Category Archives: Shared Hosting

Poland Leads Central and Eastern European Cloud Adoption: Report

manoncomputercloudPoland has the highest adoption of cloud in the Eastern European region, according to a recent report by Austrian IT company Kapsch.

Polish small and medium-sized enterprises are using cloud services more than any other country in the region with the exception of Turkey. Thirty-one percent of Polish SMEs surveyed for the report said they use a cloud service.

According to a report by ZDNet on Monday, one in five Romanian companies use a cloud service, and 29 percent of companies in Western Austria subscribe to a cloud service.

The report surveyed 900 IT managers from seven countries, Austria, the Czech Republic, Poland, Romania, Turkey, Hungary and Slovakia. The average cloud use across the seven countries is 27 percent.

Thirty-percent of IT managers in Poland plan to migrate at least part of their data to cloud computing within the next three years, and 25 percent plan to buy integrated communication systems.

Around 30 percent of Polish companies allow their employees to use their own mobile devices at work, compared with the 25 percent average across the region. Austria leads in BYOD, with 36 percent of IT managers reporting to allow employees to use their own smartphones or tablets at work.

According to a separate report cited by ZDNet by market research company PMR, the value of the entire cloud market in Poland last year was around €75 million, a 30 percent increase year-over-year.

The central challenge around cloud adoption in Poland is awareness, and educating users on the differences between servers, cloud instances, VPS and dedicated servers or shared hosting, according to ZDNet.

Recently, the WHIR talked to CDN starup CDNlion about its Prague-based business and how it differentiates its CDN on the OnApp platform.

QTS is Top Performer in 2013 as Data Center Stocks Lag the Market

datacenterknowledgelogoBrought to you by Data Center Knowledge


Wall Street loved IPOs in 2013, and that trend extended to the data center sector. QTS Realty and CyrusOne were the top performers among publicly-held data center companies for 2013 after going public earlier in the year.

But they were the best of a weak bunch. The sector trailed the broader market, as investors cooled on data center stocks amid growing cloud competition and debates about the valuation of service providers.

QTS Realty (QTS) ended the year at $24.78, an 18 percent improvement on the $21 pricing of its IPO in October. Shares of QTS jumped in late December after analysts from Morgan Stanley recommended the stock. CyrusOne(CONE) had its IPO in January at $19 a share, and closed the year 17.5 percent higher at $22.33, recording strong sales along the way. The two newcomers edged out CoreSite Realty (COR), which had the best showing among incumbent data center REITs with a 16.4 percent gain for the year.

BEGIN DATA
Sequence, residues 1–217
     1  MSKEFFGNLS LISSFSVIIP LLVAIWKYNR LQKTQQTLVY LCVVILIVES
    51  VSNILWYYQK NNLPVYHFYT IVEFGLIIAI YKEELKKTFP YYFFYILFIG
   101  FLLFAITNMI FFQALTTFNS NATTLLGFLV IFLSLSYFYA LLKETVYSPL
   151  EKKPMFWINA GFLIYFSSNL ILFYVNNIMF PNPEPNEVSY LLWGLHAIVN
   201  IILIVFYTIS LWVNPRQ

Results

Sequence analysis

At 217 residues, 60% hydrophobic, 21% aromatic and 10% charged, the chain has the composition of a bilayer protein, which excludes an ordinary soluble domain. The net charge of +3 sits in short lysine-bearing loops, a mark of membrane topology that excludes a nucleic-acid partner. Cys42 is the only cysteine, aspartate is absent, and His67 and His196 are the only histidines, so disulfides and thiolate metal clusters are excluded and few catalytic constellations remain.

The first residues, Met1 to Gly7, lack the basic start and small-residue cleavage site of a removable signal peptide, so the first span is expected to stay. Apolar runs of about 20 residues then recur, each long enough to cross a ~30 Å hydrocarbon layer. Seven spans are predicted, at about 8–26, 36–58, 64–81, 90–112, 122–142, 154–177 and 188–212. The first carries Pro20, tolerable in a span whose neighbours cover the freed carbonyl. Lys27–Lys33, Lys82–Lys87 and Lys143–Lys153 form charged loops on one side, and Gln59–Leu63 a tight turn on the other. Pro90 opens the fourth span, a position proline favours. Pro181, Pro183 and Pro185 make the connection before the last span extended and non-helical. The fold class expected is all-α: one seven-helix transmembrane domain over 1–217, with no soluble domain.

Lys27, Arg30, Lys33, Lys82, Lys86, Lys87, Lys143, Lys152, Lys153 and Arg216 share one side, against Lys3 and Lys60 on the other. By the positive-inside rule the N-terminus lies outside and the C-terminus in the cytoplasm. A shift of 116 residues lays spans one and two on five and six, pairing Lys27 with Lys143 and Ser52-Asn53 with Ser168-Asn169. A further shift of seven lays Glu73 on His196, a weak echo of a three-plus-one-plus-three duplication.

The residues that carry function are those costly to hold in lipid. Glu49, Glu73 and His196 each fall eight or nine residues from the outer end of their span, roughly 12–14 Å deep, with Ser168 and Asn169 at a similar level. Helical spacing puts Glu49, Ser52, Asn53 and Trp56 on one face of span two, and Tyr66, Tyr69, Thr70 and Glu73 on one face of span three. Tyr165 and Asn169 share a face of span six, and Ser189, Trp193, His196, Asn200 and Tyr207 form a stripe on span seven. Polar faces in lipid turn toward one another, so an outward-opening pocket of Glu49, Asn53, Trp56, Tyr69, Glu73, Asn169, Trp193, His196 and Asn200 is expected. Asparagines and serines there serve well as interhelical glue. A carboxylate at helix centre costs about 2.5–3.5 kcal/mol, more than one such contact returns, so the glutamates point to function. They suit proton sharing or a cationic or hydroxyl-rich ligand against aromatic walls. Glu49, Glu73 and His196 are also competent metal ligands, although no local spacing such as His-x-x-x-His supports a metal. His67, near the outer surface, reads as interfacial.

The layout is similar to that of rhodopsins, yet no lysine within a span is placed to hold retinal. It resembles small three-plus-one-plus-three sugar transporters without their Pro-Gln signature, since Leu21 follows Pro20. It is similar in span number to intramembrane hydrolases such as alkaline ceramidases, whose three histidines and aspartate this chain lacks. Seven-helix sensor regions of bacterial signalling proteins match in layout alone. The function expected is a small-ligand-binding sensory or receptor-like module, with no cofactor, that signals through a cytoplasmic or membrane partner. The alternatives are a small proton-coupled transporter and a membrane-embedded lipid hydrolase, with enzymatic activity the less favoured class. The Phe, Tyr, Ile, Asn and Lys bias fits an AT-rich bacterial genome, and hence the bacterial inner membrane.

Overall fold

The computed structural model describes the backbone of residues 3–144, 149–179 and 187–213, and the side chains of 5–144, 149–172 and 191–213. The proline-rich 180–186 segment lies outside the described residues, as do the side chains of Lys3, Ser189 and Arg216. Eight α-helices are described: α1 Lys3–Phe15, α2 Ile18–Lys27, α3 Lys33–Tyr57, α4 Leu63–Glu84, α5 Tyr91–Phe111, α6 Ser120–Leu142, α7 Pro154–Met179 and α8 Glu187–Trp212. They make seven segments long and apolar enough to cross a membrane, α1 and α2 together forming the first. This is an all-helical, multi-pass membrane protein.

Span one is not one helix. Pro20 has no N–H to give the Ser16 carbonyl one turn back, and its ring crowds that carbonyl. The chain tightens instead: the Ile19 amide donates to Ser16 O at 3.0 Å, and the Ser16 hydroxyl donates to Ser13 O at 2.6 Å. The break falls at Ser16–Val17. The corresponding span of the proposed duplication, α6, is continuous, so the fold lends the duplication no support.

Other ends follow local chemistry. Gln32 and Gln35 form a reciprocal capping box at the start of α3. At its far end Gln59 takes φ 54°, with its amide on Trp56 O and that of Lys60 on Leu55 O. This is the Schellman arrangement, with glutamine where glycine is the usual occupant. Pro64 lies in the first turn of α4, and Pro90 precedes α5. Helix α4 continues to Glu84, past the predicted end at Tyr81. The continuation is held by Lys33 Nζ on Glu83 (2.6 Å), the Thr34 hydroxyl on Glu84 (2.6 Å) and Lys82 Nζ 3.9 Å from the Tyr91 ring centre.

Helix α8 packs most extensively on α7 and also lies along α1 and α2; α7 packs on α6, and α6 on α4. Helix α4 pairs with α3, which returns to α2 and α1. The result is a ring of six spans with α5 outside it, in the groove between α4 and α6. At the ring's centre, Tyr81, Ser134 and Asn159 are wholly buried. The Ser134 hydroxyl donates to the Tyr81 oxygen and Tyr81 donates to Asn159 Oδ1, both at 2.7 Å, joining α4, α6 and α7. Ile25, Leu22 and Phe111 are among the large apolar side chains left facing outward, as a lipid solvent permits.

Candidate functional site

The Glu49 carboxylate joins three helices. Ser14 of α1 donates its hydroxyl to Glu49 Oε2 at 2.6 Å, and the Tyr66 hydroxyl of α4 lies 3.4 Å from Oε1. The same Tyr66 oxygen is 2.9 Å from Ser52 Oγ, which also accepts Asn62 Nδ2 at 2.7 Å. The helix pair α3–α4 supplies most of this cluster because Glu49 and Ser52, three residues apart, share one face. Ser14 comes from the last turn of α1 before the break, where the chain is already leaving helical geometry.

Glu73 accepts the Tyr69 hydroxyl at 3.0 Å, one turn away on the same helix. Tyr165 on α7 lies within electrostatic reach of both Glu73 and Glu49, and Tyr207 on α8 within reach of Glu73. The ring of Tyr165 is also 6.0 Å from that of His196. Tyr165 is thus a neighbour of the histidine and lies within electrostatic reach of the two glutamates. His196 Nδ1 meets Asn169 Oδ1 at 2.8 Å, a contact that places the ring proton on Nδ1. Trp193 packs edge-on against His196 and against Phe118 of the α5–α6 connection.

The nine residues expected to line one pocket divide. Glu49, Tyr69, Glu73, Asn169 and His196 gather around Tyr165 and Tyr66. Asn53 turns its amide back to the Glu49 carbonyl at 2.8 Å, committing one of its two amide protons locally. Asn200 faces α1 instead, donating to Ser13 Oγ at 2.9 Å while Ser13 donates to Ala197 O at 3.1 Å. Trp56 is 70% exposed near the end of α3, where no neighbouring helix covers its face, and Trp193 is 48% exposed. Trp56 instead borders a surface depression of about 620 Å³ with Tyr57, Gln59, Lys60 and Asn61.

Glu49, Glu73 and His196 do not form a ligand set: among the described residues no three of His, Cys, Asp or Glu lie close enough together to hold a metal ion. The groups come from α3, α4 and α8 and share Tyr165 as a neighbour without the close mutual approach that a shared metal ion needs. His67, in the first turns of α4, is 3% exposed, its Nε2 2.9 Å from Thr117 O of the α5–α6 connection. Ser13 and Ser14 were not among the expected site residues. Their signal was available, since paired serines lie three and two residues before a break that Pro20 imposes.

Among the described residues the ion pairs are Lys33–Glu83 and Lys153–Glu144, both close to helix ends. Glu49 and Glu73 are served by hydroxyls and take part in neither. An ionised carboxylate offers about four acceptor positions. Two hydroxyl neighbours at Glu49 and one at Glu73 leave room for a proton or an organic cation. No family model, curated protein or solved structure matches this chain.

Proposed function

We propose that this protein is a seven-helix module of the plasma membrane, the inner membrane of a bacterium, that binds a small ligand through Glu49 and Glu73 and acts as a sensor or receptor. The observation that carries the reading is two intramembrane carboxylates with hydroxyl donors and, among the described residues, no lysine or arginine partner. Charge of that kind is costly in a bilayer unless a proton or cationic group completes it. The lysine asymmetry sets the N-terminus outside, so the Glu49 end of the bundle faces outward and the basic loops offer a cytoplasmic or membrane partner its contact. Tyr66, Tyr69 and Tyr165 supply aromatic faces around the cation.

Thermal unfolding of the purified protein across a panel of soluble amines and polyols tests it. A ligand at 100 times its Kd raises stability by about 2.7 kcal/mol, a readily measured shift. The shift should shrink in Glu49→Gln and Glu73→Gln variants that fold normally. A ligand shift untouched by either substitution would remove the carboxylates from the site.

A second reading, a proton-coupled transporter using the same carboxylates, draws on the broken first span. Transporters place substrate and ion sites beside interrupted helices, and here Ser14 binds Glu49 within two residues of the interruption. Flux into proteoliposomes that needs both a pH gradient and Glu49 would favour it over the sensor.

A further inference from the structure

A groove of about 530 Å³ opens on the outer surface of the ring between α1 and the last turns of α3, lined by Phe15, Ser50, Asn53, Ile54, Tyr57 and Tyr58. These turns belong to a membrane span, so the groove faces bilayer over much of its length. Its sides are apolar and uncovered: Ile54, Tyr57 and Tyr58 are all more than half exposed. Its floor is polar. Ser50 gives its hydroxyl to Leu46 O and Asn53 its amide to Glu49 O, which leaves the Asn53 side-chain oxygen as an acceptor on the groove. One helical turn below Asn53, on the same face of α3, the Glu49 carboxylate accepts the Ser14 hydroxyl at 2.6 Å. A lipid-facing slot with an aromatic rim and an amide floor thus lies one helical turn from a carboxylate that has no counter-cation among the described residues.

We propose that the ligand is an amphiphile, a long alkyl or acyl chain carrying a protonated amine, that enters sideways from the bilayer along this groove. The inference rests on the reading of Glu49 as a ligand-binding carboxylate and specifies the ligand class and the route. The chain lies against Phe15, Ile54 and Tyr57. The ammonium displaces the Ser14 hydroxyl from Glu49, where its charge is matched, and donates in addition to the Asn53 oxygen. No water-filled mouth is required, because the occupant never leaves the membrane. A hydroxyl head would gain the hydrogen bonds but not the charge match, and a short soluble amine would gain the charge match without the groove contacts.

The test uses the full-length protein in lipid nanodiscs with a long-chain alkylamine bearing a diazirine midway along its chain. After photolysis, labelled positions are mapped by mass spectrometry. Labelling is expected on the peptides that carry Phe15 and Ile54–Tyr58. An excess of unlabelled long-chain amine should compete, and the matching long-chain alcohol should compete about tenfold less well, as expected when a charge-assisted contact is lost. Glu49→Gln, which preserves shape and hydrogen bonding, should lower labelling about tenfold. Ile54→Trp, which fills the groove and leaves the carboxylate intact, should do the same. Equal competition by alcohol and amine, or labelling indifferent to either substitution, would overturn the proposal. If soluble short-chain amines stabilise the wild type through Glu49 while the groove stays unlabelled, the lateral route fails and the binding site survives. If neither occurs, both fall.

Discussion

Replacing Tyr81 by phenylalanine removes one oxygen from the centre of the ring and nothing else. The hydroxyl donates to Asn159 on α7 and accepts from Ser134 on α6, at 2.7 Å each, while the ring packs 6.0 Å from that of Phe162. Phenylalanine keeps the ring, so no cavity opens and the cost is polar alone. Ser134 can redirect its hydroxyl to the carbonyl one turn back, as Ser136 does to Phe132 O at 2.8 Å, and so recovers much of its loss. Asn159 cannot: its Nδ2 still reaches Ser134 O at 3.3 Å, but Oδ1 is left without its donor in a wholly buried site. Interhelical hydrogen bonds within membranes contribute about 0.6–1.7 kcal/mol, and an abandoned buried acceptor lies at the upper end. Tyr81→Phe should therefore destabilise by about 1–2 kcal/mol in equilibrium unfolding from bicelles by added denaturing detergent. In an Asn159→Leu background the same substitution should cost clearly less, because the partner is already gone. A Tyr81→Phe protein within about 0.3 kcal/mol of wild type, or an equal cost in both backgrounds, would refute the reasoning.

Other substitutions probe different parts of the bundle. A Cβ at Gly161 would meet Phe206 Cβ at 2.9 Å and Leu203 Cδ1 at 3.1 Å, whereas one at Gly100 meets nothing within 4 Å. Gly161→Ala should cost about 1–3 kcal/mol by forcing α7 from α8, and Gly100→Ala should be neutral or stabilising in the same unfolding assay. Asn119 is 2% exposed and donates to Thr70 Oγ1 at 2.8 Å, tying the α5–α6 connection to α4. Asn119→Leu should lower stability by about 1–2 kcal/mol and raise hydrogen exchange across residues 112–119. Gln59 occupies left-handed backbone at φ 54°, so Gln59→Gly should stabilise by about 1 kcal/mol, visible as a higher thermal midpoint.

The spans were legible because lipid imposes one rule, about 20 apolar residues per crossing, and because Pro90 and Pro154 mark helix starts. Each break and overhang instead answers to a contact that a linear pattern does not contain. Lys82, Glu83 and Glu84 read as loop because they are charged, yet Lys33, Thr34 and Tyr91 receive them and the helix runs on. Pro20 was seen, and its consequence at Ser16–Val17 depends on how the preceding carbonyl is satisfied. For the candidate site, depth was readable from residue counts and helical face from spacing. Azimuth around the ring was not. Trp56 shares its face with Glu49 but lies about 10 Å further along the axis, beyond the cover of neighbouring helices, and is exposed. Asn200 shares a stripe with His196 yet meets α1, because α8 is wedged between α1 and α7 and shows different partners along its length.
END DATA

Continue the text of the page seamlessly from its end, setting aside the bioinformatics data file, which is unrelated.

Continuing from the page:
Mediocre Gains as Wall Street Advances

Despite those gains, it was a year many data center investors might like to forget, as even the sector’s top performers trailed the broader market. The Dow Jones Industrial Average gained 26.5 percent for the year, while the S&P 500 improved by 29.6 percent and the NASDAQ soared 38.3 percent.

That weak performance marked a departure from recent years, when the data center sector outperformed the market with strong gains in both 2011 and 2012. By early 2013, the lofty valuations for data center and cloud computing companies came under scrutiny on Wall Street, including high-profile debates over the performance of two industry bellwethers, Rackspace Hosting (RAX) and Digital Realty Trust (DLR).

Rackspace had been on the vanguard of the providers gaining from interest in cloud computing, soaring 37 percent in 2011 and 73 percent in 2012. But in February Rackspace shares slid 20 percent after the company’s earnings raised concerns that the rate of adoption for cloud computing services may be moderating. The company was then the focus of a critical writeup in Barron’s asserting that RAX was overvalued. Subsequent earnings stumbles left Rackspace shares down 47 percent for the year, making it the sector’s worst performer.

In May, hedge fund Highfields Capital Management asserted that investors should short shares of Digital Realty, saying the huge data center developer was understating the future investment in facilities that would be required to support its enterprise customers. Digital Realty said Highfields was “mischaracterizing and drawing inaccurate conclusions” from its disclosures, but the debate focused Wall Street’s attention on data center maintenance costs. In October Digital Realty lowered its revenue guidance for the coming year, saying enterprise tenants were deploying new data center space more slowly than expected. That triggered a selloff in data center stocks, which helped push DLR shares to a decline of 27 percent for the year.

As for the fourth quarter performance, the Data Center Investor chart tracks closely with the full-year showings, with QTS and CyrusOne leading the pack, with Rackspace trailing.